Moving to a different state also entails estate planning revisions. Each state has its own estate planning and tax laws. Therefore, related documents should be reviewed accordingly. For example, community property states and common law states have different rules on spousal ownership. An existing estate plan should match current requirements and anticipate future needs.
While these are just a few major life events to consider, there are countless others that may prompt an individual to periodically review their estate plan to ensure it meets their objectives.
Although winning the lottery can be exciting, it carries enormous estate and gift tax implications. Finances can dwindle away in no time if they are not managed properly.
Lottery winners have the option of taking the prize as a lump sum or an annuity that is divided into 30 annual payments. California exempts lottery winnings from income tax. However, a chunk of winnings are withheld for federal taxes. The annuity payments are also subject to the same federal tax albeit spread over each installment.
Establishing a trust can help lottery winners maintain a degree of anonymity and provide a tool for managing assets and finances. Trusts can also allow the future transfer of wealth to children and other heirs with minimal estate tax exposure. If a prize is assigned to a qualifying revocable living trust, the lottery will make installment payments to the trust.
Lottery winnings present a number of estate planning challenges. If a person with special needs wins the lottery, the winnings are likely to affect eligibility for government benefits such as Medicaid.
If the prize is received in an annuity towards the end of a winner’s expected lifetime, they could die before receiving all the installments. The balance of future payments then become part of the estate, like other assets. In such cases, the estate’s representatives will begin the process of transferring payments to heirs. The process is simpler if the winner has designated beneficiaries.
One of the first things a lottery winner should do is consult a lawyer to prevent making major mistakes. The cost of not taking the necessary estate planning measures can be devastating.
Under California law, once a child turns 18 years of age they are viewed as an adult. Entering adulthood involves taking steps to prepare for the unexpected, whether it is a sudden illness or a serious accident. No one likes to think of themselves in such terrible circumstances in which they are unable to make their own informed decisions. However, preparing for the future can help provide peace of mind.
Few young adults are aware of the need for at least a basic estate plan. According to a 2015 study by Fidelity Investments, 41 percent of millennials have not discussed wills and estate planning with their parents. Parents tend to assume they are entitled to make legal decisions for their college-aged children. However, once a person turns 18, they have “the legal right to privacy and to govern their own lives” as an adult.
Key estate planning documents a young adult should have are a will, power of attorney, advanced health care directive and HIPAA release. A HIPAA — or Health Insurance Portability and Accountability Act — release gives doctors permission to share medical information with those named on the form in case of an emergency.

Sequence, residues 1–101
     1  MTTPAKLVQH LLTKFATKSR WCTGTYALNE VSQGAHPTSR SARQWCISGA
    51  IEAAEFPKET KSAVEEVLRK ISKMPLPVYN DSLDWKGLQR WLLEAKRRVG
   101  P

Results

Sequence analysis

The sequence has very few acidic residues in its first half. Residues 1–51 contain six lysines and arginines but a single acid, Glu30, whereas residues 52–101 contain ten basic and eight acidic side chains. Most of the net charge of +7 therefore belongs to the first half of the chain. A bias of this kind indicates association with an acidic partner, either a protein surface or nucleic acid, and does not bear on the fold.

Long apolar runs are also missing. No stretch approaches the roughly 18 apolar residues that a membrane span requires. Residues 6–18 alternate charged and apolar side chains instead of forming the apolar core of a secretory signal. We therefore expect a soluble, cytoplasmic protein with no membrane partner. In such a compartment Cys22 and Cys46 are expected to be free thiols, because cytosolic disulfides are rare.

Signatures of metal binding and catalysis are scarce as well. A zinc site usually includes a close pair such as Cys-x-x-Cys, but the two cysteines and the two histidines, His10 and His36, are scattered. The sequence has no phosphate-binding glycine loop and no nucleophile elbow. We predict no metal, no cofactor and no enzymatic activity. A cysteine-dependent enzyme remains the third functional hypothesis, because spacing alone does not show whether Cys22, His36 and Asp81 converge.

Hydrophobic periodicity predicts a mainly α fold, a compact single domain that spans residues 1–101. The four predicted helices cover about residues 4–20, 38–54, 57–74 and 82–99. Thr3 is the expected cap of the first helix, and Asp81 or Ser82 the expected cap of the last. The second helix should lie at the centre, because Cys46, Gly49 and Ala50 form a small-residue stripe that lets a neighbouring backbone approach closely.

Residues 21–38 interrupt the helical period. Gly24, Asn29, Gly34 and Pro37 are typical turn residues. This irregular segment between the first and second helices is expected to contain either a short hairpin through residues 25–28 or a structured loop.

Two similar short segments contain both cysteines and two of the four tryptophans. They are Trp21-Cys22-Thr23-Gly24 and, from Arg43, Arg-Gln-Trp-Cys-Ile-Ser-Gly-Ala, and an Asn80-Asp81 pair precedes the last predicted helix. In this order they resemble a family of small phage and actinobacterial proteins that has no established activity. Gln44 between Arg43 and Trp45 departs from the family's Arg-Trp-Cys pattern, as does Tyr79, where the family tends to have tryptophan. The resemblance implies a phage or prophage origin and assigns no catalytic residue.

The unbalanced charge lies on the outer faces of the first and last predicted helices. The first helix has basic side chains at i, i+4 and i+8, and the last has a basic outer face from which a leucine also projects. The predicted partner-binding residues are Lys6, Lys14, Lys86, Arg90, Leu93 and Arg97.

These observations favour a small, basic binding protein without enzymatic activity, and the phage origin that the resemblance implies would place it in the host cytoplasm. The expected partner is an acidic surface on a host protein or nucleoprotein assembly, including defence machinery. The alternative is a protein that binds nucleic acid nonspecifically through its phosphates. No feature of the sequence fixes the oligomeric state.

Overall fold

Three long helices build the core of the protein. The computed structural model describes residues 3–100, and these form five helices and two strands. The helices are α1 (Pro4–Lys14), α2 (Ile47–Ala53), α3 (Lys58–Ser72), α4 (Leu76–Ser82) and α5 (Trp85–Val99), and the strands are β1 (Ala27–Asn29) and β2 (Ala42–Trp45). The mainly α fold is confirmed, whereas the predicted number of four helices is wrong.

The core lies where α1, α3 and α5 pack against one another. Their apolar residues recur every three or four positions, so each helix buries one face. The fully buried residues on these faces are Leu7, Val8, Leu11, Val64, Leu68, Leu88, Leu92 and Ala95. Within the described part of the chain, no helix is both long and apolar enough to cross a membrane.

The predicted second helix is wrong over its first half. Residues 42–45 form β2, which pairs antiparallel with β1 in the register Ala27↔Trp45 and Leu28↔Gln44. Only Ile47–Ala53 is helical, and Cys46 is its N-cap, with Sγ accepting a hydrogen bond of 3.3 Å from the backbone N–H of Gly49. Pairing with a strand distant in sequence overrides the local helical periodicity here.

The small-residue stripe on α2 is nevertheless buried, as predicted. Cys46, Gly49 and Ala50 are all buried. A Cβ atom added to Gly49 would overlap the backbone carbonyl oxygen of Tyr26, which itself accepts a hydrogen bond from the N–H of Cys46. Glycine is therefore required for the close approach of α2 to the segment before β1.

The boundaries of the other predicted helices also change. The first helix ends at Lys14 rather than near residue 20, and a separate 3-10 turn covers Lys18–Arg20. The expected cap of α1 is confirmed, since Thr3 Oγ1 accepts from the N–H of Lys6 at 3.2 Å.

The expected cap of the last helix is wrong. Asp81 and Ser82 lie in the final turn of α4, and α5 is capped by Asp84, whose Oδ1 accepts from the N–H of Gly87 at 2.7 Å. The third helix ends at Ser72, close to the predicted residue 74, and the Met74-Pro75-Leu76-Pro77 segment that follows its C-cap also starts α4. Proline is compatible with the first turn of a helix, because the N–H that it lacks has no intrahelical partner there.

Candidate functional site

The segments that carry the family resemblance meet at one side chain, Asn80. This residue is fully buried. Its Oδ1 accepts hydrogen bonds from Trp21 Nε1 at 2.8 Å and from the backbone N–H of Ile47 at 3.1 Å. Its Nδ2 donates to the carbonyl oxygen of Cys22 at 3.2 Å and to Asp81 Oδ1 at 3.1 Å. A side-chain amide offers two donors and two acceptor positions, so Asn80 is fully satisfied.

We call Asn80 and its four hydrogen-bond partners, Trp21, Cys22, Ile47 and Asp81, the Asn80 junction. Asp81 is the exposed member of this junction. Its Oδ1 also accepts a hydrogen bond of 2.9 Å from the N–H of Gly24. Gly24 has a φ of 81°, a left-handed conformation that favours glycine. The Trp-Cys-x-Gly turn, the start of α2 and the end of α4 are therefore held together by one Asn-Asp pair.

While it is not necessary for every 18-year-old to have a will, they should appoint a trusted friend or family member to serve as a health care proxy. This person has the authority to make medical decisions on the young adult’s behalf in the event they are unable to.
Young adults would also benefit from a general power of attorney. In many cases parents are named appointees. However, without the proper documents, they would be unable to access their child’s financial accounts. Not having such estate planning documents could create serious complications in case of an accident or other unforeseen circumstances.
Robin Williams’ widow Susan Williams settled out of court a lawsuit over the late actor’s estate last year. The highly publicized dispute with his children revolved around an estate worth an estimated $100 million.
Disagreements over trusts and wills between family members tend to be fraught with strong emotions and can quickly escalate. Although a loved one may have left instructions regarding the division of assets upon their death, beneficiaries may question their legitimacy and accuracy. Upon a family member’s death, challenges to a trust or will can be asserted by any interested party — whether it is a spouse, children or other heirs and possible claimants — when there is a perceived unequal division of assets. In such circumstances, a resolution may have to be sought in court.
In this case, much of the dispute concerned what items constituted celebrity memorabilia and what counted as personal keepsakes. Susan Williams was unhappy with trustees claiming many possessions as memorabilia for the estate. She also said she was not receiving enough money from the actor’s estate to maintain their home in Tiburon, California.
Robin Williams’ trust had established guidelines about how his assets were to be distributed among his family members. The actor left the majority of his estate to his three adult children from his first two wives. The children’s attorney said they had been “following both the letter and the spirit of Robin’s instructions” and could not understand why Susan Williams “acted against his wishes by challenging the plans he so carefully made for his estate.”
In the settlement, Susan Williams received just a fraction of the overall estate — enough for the lifetime upkeep of the home. She was also able to keep some sentimental objects such as wedding gifts and clothing. The children received the bulk of the items, including bikes, watches and their father’s Academy Awards statue.